To me, vision and values are serious statements of intent. Ironically, most individuals don’t have statements of vision and values but act with decency, compassion, and integrity. Almost all organizations, on the other hand, have beautiful words to describe their vision and values, but many still engage in ugly actions and/or spend very little time soul searching to ensure that their actions are congruent with their commitments.

Writing this post may not help me get another gig helping organizations align their culture behind their vision, values, and strategy. Hopefully, however, my coaching may impact a few executives to strive for clarity and congruence. A vision should be aspirational and inspirational for individuals and organizations. Values should serve as the anchors for ethical decision-making. In short, why and how are more important than what.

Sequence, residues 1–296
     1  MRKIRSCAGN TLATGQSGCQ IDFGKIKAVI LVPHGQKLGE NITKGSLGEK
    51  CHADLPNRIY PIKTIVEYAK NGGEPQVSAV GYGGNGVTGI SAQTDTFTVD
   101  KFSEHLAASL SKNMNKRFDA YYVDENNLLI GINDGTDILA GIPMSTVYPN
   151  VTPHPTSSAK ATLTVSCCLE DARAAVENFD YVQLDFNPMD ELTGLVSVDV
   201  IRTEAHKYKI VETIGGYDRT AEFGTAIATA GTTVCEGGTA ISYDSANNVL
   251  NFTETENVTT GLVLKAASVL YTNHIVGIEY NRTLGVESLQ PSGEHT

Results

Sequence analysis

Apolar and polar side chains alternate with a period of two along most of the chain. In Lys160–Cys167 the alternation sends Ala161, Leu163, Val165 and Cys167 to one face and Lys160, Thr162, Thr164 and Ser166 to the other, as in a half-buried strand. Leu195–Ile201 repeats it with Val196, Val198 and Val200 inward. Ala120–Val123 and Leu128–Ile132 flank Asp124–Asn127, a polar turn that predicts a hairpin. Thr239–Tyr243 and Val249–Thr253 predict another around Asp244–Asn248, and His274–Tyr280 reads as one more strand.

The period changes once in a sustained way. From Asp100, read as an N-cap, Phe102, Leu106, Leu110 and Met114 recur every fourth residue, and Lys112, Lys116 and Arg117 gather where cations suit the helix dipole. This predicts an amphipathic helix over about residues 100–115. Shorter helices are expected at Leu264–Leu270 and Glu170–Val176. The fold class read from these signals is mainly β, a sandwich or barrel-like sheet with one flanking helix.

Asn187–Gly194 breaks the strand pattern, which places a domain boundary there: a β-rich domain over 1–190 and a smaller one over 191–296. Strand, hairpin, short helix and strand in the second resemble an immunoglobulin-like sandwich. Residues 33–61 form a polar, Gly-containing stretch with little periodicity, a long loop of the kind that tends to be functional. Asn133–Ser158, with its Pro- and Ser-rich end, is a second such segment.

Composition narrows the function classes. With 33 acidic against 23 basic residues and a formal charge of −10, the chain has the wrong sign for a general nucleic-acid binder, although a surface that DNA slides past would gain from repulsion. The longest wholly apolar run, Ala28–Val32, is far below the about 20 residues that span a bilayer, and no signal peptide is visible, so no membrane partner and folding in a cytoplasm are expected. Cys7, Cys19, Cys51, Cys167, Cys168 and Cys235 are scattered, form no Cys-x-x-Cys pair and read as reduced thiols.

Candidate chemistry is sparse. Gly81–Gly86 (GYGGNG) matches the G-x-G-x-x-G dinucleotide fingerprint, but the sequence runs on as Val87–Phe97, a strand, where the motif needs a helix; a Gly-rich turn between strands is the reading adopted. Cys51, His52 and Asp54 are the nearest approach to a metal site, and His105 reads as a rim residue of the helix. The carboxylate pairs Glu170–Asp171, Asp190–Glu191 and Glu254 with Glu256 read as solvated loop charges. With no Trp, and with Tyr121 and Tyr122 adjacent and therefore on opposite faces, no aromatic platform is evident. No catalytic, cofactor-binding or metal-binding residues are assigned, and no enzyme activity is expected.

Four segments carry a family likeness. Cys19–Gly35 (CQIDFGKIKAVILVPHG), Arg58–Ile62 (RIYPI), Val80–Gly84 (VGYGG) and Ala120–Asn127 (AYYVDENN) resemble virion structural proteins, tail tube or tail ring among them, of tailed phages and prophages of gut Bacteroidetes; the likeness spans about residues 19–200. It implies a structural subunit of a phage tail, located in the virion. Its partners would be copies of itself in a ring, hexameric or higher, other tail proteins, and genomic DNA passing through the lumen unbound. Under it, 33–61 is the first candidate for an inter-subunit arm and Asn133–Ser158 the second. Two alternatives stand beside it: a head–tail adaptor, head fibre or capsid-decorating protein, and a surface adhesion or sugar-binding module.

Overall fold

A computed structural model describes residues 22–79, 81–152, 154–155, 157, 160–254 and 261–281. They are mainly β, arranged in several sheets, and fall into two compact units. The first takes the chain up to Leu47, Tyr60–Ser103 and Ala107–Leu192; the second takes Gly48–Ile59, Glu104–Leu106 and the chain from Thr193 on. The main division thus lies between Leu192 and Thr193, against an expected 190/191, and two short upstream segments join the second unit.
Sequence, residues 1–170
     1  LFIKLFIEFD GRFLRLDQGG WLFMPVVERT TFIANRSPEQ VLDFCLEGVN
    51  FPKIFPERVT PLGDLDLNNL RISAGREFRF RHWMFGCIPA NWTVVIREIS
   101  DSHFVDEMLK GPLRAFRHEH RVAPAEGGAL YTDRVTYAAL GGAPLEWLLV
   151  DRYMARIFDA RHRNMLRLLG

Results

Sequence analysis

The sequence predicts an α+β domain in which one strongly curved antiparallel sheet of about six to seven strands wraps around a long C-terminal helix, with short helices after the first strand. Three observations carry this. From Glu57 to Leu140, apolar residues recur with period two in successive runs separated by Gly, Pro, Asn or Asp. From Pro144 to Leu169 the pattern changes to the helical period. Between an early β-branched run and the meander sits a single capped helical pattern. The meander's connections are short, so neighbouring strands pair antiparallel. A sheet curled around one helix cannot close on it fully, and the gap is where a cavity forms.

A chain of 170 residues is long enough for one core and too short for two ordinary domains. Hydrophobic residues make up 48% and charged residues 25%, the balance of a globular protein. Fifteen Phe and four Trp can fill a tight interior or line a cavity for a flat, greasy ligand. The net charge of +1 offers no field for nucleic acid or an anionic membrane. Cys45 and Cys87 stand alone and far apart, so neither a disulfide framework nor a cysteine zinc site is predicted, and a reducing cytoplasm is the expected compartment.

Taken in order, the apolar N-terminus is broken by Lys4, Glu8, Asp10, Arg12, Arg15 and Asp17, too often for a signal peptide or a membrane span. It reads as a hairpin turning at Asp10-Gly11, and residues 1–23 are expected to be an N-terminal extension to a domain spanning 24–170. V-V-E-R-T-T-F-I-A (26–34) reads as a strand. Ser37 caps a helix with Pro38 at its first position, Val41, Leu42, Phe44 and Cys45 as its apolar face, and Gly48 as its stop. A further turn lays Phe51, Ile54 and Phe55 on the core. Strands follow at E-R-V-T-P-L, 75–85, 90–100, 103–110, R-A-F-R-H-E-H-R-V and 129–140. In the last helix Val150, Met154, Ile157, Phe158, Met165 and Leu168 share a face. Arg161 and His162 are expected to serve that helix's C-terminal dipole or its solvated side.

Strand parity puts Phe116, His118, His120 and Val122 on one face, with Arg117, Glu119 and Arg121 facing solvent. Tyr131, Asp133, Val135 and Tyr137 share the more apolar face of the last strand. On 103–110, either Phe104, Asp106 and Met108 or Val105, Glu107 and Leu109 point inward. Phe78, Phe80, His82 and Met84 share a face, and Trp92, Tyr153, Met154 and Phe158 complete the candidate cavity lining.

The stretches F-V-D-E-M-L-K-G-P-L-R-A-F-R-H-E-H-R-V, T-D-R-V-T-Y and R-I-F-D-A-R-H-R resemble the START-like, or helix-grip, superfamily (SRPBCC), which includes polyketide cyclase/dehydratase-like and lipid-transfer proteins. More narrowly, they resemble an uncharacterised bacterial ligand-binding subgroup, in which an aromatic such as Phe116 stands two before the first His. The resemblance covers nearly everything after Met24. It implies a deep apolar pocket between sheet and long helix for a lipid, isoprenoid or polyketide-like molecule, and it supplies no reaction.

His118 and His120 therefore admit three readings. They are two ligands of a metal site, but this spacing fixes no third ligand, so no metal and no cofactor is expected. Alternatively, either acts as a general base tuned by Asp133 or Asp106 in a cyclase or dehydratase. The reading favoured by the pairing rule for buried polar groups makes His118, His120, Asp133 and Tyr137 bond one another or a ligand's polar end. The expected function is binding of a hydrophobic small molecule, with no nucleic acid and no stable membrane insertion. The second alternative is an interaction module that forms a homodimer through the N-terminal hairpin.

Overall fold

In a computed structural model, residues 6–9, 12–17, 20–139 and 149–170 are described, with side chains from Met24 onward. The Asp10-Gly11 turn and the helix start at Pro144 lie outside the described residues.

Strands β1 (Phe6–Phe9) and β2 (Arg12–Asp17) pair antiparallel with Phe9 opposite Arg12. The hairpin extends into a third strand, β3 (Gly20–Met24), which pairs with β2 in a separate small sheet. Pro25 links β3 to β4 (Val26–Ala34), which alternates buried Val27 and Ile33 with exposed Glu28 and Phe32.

Just to be clear, my vision, purpose and values are:

Vision: Individual, family, organizational, and community harmony.

Purpose: To invite people to meaningful conversations about the vision.

Values: Family, Friends, Health, Responsiveness, Respect, Creativity, Congruence, Connectedness, Mindfulness, and Growth.




Also published on Medium.

Sort by:   newest | oldest | most voted

Love it Ricky! I can’t tell you how many hours I spent around the Board room table @ WBH watching & listening to Wordy BS developing “vision/mission” statements that had ZERO resemblance to actual behavior. You da man!


Sign up now to get notified of new posts by E-mail